Captivating and powerful, The Boat Runner takes the reader to the perilous world of WWII, where young Jacob Koopman’s life wildly shifts from the prosperity of his family’s lightbulb business to the darkness of Nazi Germany as his father naively sends him to a Hitler Youth Camp and the outbreak of war shatters the peace. It’s a thought-provoking read that will have the readers feverishly turning pages and thinking about the story long after finishing the last page.
Devin kindly agreed to an interview on my blog. Welcome, Devin!
What was your inspiration for The Boat Runner?
One of the first sparks of this book came while reading a book about the Nazi navy written in 1945 by a German naval officer called, Defeat At Sea. Passages in the book referred to the sinking of ships only by their tonnage and supplies kept from being delivered to the Allies. The language was so cold toward the living people onboard that it haunted me. What mindset could be so void of empathy? That was the question I wanted to dig into, and led me down a long, fascinating road of research.
Did you get to visit any of the settings for your book? If not, where would you most want to go?
This novel travels across Europe but also takes place aboard ships at sea. As for Europe, my mother is from the Netherlands, and I have been there several times, but not during the writing of this book. Much of the land based scenes had to be drawn from memory, research, and talking to people who know about each place. The scenes based at sea were different. I spent 10 years travelling around the world working in the tourism industry. Along the way I realized that working aboard ships was the best option for me and I traveled to over fifty countries on all seven continents. I grew to know ships and the sea quite well – this pulses at the heart of my novel. Now, if I could go anywhere, I’d board a ship and sail the North Sea into the Ems Estuary which borders The Netherland and Germany. That fraught border that captured my imagination and led me into this novel.
Did you face any unexpected challenges or pleasant surprises while working on the novel?
I always liked history, but during the writing of this novel I really learned how to do research as a fiction writer. I stopped looking for just facts and details, but for scenes and events that I could hold up and ask, does this event reveal the complexity of what it was like to be alive at this moment for my character? That is fun! I love finding something that leads me in a whole new direction and source of information to pour over.
What was your favourite scene to write?
There is a scene that one of my character’s inner conviction emerges from the shadows in such an epic, life-altering way that I get the chills every time it happens. I guess I’ll try not to spoil it, but watch out!
What’s your writing process like? Do you have a strict schedule or can you write anywhere, anytime?
I’m a professor so have to be pretty efficient about slotting my creative time or it tends to get swallowed up by other responsibilities. This means I try to write or edit at least four days a week and read every day. I do best when I am in a quiet place, but I have three small kids, a dog that loves to bark, and a cat that walks back and forth over my keyboard, so working outside of the house has become a necessity.
How can we stay updated on your book news?
From the book jacket:
In the tradition of All The Light We Cannot See and The Nightingale, comes an incandescent debut novel about a young Dutch man who comes of age during the perilousness of World War II.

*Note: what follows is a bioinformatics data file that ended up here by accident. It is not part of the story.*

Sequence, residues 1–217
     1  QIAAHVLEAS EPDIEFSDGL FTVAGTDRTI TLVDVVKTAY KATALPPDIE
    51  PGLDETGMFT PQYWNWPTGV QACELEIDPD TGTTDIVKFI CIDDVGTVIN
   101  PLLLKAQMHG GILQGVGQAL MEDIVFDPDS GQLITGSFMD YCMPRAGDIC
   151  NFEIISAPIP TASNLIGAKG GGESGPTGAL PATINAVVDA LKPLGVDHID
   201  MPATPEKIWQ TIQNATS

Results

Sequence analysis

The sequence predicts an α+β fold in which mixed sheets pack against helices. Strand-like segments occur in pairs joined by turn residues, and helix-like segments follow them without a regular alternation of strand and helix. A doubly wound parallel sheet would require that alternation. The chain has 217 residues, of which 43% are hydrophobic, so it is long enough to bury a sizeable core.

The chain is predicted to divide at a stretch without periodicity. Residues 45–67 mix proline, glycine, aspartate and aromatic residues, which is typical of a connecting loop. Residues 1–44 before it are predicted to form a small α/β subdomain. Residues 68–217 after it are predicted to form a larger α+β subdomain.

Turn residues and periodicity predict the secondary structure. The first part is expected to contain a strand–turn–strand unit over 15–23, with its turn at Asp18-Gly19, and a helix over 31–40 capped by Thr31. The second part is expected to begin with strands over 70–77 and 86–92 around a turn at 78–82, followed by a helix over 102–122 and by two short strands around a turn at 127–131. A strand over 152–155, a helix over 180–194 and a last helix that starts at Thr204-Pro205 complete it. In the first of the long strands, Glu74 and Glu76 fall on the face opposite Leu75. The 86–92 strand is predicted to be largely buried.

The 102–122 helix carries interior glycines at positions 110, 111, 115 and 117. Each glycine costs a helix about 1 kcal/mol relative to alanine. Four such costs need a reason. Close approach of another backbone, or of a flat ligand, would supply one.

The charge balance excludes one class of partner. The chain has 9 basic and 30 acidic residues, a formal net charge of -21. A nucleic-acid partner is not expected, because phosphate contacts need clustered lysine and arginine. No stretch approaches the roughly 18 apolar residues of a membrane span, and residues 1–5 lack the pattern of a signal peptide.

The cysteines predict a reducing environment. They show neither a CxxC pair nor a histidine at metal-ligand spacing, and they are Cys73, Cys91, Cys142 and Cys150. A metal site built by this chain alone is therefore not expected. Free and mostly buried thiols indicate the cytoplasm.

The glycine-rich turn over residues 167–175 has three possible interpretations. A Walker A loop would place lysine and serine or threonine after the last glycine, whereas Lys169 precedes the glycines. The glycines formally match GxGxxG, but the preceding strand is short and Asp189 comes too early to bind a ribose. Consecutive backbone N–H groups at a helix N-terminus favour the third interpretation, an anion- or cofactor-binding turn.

Beginning in the summer of 1939, fourteen-year-old Jacob Koopman and his older brother, Edwin, enjoy lives of prosperity and quiet contentment. Many of the residents in their small Dutch town have some connection to the Koopman lightbulb factory, and the locals hold the family in high esteem.
On days when they aren’t playing with friends, Jacob and Edwin help their Uncle Martin on his fishing boat in the North Sea, where German ships have become a common sight. But conflict still seems unthinkable, even as the boys’ father naively sends his sons to a Hitler Youth Camp in an effort to secure German business for the factory.
When war breaks out, Jacob’s world is thrown into chaos. The Boat Runner follows Jacob over the course of four years, through the forests of France, the stormy beaches of England, and deep within the secret missions of the German Navy, where he is confronted with the moral dilemma that will change his life—and his life’s mission—forever.
Epic in scope and featuring a thrilling narrative with precise, elegant language, The Boat Runner tells the little-known story of the young Dutch boys who were thrown into the Nazi campaign, as well as the brave boatmen who risked everything to give Jewish refugees safe passage to land abroad. Through one boy’s harrowing tale of personal redemption, here is a novel about the power of people’s stories and voices to shine light through our darkest days, until only love prevails.
Devin Murphy grew up near Buffalo, NY in a family with Dutch roots. He holds a BA/MA from St. Bonaventure University, an MFA from Colorado State University, a PhD from the University of Nebraska—Lincoln, and is an Assistant Professor of Creative Writing at Bradley University. He has worked various jobs in national parks around the country and once had a three-year stint at sea that led him to over fifty countries on all seven continents. His fiction has appeared in over 60 literary journals and anthologies, including The Missouri Review, Glimmer Train, The Chicago Tribune, New Stories from the Midwest, and Confrontation. He lives with his wife and children in Chicago.